Sunday, September 21, 2008

It is really hard

First Lego League appears deceptively easy at first, but when you get into it, it is a lot harder. Lego's are easy to build, so people would think that the challenges are easy to. The challenges are built to be hard. They often put things in the corner or put one challenge in front of another. This makes a seemingly easy challenge harder.

I've been part of lego league for three years. The first year we would go out and do a single challenge. We were lucky if it worked. That year, when we did our challenges, our robot runs weren't very accurate. The second year, we tried to do at least two challenges per run and we tried to not to make too many turns. Now, we are in the third year and we are doing multiple challenges per run. It has been working pretty well.

We started when we were pretty young. Our oldest player was eleven and some of us were nine. The original team is still together and really like each other. There is a lot of respect among the team members. Every year, we have gotten better. In our first year, only Patrick could program. In our second year, more of us could program. This year, everyone truly can do everything.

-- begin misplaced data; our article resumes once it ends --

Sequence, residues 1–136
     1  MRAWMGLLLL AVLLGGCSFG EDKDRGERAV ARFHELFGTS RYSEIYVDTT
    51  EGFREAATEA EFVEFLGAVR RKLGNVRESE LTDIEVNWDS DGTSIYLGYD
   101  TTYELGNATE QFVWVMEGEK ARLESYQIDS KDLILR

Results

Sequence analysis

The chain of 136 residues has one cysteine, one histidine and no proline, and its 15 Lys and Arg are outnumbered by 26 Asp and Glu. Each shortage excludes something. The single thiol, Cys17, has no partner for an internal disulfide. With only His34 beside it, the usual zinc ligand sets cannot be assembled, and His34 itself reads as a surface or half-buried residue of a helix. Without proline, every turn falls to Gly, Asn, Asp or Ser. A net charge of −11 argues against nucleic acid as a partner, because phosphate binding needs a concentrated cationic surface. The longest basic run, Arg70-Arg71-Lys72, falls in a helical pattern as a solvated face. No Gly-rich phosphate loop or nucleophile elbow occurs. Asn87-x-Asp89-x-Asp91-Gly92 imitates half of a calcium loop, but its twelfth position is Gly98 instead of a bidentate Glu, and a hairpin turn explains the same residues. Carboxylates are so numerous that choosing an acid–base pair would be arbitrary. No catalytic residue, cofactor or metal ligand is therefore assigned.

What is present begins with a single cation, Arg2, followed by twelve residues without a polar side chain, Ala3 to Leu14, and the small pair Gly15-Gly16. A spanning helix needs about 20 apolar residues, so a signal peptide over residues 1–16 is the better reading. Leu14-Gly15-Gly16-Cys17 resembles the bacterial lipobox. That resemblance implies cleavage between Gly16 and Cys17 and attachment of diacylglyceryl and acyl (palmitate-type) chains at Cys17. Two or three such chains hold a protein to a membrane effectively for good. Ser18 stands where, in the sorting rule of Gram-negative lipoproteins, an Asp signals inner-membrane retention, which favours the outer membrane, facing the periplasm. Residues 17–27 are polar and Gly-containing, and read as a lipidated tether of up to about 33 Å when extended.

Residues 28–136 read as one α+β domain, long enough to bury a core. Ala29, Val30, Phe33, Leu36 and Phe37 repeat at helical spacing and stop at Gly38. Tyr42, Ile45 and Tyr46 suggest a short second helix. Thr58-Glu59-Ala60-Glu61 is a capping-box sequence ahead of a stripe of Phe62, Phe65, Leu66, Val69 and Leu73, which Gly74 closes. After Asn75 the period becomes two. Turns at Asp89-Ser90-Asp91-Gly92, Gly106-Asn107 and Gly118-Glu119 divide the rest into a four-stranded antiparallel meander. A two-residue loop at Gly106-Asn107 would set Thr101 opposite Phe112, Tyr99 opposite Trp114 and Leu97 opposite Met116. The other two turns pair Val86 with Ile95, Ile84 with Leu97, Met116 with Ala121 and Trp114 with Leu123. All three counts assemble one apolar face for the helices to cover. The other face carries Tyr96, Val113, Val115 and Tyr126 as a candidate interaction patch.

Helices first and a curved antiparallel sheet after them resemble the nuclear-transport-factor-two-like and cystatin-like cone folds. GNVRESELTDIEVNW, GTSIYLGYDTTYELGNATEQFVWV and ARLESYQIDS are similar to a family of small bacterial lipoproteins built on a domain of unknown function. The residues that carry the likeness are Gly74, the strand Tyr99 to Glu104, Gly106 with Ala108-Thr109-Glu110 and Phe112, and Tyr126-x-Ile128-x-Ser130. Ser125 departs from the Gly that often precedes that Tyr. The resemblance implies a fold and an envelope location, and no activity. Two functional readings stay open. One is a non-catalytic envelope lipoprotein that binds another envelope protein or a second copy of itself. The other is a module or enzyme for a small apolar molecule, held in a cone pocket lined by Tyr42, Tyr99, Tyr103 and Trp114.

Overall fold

We have not stopped practicing since we began Nanoquest. We worked on some of the old challenges like Ocean Odyssey during the off-season. We even brought out Nanoquest and did it again in March of this year. I look forward to Lego League every Friday night. It is three hours of pure fun!

Still, I never forget that lego league is really hard. Sometimes I have to remind the coaches and mentors of this. Since they have never built a sophistocated attachment or program, it is easy for them to think it is easy. But it isn't. It is especially hard this year.


Friday, September 19, 2008

A Sad Situation

Some of the Microbots take Tae Kwon Do at the Middle Creek Community Center. As I was picking them up, I noticed that they had "First Lego League (9-11) (12-14)" written on their whiteboard. My feeling upon reading this was one of happiness. Middle Creek was building not just one team but two!

I asked the gentleman at the counter about this and he said, "I am sorry. We had to cancel the class. There just weren’t enough people signed up."